Friday, November 24, 2017

12 or 20 (second series) questions with Lydia Kwa

Lydia Kwa [photo credit: Pink Monkey Studios] has published three novels and two books of poetry. Her latest novel, Oracle Bone, appeared recently with Arsenal Pulp Press (Fall, 2017). Her writing spans various times and spaces in the Asia-Pacific region and imagination. She lives and works in Vancouver as a writer and psychologist.

1 - How did your first book change your life? How does your most recent work compare to your previous? How does it feel different?
My first book was poetry: The Colours of Heroines (1994) with Toronto's Women's Press. It was amazing to experience the reality of having one's work communicate with readers. The lovely thing too was that George Woodcock reviewed it favourably and called me a "memory writer of almost Proustian intensity." I was so pleased.  Every book is different. I leave it to readers and critics to tell me how my most recent work compares to previous ones.

2 - How did you come to poetry first, as opposed to, say, fiction or non-fiction?
Who knows? I suspect an adolescence of being immersed in reading Psalms, Ecclesiastes and Song of Solomon alongside William Wordsworth and Gerard Manley Hopkins had something to do with it.

3 - How long does it take to start any particular writing project? Does your writing initially come quickly, or is it a slow process? Do first drafts appear looking close to their final shape, or does your work come out of copious notes?
Very slow, very mysterious, very intuitive. Copious notes that circle around narratives that only seem to clarify after about 3 years of wandering in the darkness.

4 - Where does a poem usually begin for you? Are you an author of short pieces that end up combining into a larger project, or are you working on a "book" from the very beginning?
A poem begins in the gut. A strong sensation that rises up to the throat, and insists on being expressed.

These days—in terms of fiction, I am consciously working on a book/novel from the beginning. But my first novel This Place Called Absence began as a series of short monologues. I fooled myself I was writing a short lyrical narrative, etc etc until it dawned on me it was going to be a novel.

5 - Are public readings part of or counter to your creative process? Are you the sort of writer who enjoys doing readings?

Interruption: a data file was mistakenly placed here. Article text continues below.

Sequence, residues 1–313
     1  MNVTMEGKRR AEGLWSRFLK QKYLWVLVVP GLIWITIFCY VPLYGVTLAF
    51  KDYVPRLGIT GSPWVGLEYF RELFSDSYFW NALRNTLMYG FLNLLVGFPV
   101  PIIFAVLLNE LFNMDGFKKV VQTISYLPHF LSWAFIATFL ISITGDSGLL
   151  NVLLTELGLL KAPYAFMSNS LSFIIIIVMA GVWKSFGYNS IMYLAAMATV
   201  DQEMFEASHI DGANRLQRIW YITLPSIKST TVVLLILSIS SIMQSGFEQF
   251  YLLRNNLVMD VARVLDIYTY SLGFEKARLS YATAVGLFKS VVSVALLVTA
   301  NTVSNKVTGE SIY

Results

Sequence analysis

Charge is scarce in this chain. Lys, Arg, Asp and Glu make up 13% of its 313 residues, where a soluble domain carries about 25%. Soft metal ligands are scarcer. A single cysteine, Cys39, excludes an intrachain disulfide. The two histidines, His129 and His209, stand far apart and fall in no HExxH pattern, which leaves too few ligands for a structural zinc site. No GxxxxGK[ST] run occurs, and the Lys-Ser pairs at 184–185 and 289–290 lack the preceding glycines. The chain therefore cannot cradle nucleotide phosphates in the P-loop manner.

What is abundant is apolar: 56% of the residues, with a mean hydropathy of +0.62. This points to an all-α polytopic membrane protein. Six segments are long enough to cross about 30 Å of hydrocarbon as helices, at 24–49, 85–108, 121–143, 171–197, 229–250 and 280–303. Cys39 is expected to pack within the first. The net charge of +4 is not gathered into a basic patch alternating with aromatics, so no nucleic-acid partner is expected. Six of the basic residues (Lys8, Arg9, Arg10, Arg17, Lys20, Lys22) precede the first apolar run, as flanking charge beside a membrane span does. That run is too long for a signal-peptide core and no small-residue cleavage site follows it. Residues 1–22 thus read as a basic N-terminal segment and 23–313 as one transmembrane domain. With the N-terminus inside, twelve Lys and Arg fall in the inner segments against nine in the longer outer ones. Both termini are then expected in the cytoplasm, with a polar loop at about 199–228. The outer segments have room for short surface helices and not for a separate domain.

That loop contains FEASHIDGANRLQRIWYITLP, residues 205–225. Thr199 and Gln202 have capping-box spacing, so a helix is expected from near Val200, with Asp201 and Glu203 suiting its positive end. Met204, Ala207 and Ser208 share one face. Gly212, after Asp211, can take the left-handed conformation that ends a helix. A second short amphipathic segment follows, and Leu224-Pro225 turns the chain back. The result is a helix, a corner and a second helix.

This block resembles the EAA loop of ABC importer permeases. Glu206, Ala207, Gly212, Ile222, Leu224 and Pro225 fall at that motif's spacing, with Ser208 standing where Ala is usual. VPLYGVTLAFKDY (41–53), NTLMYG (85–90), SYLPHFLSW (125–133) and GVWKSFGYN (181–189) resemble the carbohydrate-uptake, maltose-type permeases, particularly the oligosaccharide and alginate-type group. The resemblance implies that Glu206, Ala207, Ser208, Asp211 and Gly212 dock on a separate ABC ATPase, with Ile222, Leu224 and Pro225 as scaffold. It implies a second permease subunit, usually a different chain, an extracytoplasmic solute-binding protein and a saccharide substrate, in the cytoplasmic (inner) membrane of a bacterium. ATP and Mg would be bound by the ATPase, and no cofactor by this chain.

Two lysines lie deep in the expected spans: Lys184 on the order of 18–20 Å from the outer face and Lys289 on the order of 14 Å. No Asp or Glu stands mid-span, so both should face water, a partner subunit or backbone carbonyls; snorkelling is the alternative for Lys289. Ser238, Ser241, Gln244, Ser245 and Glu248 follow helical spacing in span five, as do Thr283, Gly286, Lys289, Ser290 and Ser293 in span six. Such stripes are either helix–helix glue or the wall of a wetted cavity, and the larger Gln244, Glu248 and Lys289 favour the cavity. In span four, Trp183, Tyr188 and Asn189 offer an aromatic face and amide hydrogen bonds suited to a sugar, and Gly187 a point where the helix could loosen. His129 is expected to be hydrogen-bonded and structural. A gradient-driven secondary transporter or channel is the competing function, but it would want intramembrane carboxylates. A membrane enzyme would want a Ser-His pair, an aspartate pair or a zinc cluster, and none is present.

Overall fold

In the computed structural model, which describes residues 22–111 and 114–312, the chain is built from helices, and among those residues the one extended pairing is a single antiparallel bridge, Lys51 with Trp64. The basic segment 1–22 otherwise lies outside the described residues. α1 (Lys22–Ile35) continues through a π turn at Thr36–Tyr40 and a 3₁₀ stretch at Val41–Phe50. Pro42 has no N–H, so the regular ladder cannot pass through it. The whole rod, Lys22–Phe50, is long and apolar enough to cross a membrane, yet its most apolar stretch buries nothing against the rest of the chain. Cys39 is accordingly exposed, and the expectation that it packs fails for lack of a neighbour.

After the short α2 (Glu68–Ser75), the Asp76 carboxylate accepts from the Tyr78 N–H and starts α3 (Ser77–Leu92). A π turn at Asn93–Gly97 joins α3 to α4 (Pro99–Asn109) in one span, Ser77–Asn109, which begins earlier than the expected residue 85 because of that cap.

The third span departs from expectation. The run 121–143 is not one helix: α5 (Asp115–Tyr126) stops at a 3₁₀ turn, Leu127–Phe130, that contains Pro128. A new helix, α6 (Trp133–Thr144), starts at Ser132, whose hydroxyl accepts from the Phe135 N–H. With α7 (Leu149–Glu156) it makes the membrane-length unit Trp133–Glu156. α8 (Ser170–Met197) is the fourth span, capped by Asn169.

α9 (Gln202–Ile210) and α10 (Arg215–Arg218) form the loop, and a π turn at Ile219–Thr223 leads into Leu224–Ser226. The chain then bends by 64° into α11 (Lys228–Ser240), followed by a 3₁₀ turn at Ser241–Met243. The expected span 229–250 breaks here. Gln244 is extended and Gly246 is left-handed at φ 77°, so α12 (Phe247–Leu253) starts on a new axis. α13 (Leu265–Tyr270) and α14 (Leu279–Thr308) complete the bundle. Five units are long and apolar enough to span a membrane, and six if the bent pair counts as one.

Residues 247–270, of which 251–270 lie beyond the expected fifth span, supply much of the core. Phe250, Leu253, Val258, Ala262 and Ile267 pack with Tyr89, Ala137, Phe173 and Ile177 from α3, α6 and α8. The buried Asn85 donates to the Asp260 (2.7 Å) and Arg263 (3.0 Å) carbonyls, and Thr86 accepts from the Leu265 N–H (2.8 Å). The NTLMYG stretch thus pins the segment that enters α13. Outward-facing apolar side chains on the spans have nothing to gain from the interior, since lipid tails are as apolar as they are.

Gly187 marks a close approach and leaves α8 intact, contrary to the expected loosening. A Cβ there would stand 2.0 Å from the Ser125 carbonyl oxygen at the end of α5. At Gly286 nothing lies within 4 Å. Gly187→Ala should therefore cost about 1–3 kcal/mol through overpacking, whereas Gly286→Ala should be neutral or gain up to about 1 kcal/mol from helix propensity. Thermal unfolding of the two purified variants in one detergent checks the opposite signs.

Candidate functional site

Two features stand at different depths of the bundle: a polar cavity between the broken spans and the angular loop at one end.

I love doing readings. Especially around the time a new book is launched.

6 - Do you have any theoretical concerns behind your writing? What kinds of questions are you trying to answer with your work? What do you even think the current questions are?
The power of the imagination to help creatures transcend suffering. The plight of outsiders. Those hated for their differences: race, queerness, class, gender, disability, etc. The destructive power of sexual violence.

7 – What do you see the current role of the writer being in larger culture? Does s/he even have one? What do you think the role of the writer should be?
The writer is a lowly creature. Hopefully we are useful because we are so lowly and do not fulfill any greedy capitalist agenda. Hopefully we are the ones crying and wailing along the periphery and pointing to some interesting, more liberating alternatives, or at least wailing about the imminent demise of the human race.

8 - Do you find the process of working with an outside editor difficult or essential (or both)?
I have been tremendously grateful for all my editors. I've been fortunate. Of course it's a difficult process—editing with another's assistance. Difficult and absolutely valuable and hence necessary.

9 - What is the best piece of advice you've heard (not necessarily given to you directly)?
Don't take yourself (meaning, your ego) so seriously.

10 - How easy has it been for you to move between genres (poetry to fiction)? What do you see as the appeal?
Easy? Difficult? Well, I do move between genres. That's because there's a switch inside that says, "POET" and another "FICTION" :D

11 - What kind of writing routine do you tend to keep, or do you even have one? How does a typical day (for you) begin?
Nothing typical in my days. No fixed writing routine. But when I can, maybe 4 mornings out of 7, I write for an hour. And sometimes I do a stretch of 3 hours in the evenings. It gets more intense after year 2 of writing.

12 - When your writing gets stalled, where do you turn or return for (for lack of a better word) inspiration?
I take walks, cook, read, listen to music. Look at art.

13 - What fragrance reminds you of home?
Which home?! My own skin, really.

14 - David W. McFadden once said that books come from books, but are there any other forms that influence your work, whether nature, music, science or visual art?

As in answer to Question 12.

15 - What other writers or writings are important for your work, or simply your life outside of your work?
Lots of writers' work are important to my work. So so many and too many to mention. A lot of Japanese writers read in translation; Chinese writers in translation etc.

16 - What would you like to do that you haven't yet done?
Go to Taiwan or Japan, to some temple retreat and practise taiji.

Go to South Korea and eat food prepared by the famous nun Jeong Kwan.

17 - If you could pick any other occupation to attempt, what would it be? Or, alternately, what do you think you would have ended up doing had you not been a writer?
Would have been a chef.

18 - What made you write, as opposed to doing something else?
Well, I am also a psychologist. Writing seems inevitable. I write to stay sane. To express what I cannot express in other ways.

19 - What was the last great book you read? What was the last great film?
Ken Liu's The Paper Menagerie.

Gukoroku—Traces of Sin

20 - What are you currently working on?
The third book in the chuanji trilogy.

12 or 20 (second series) questions;

No comments: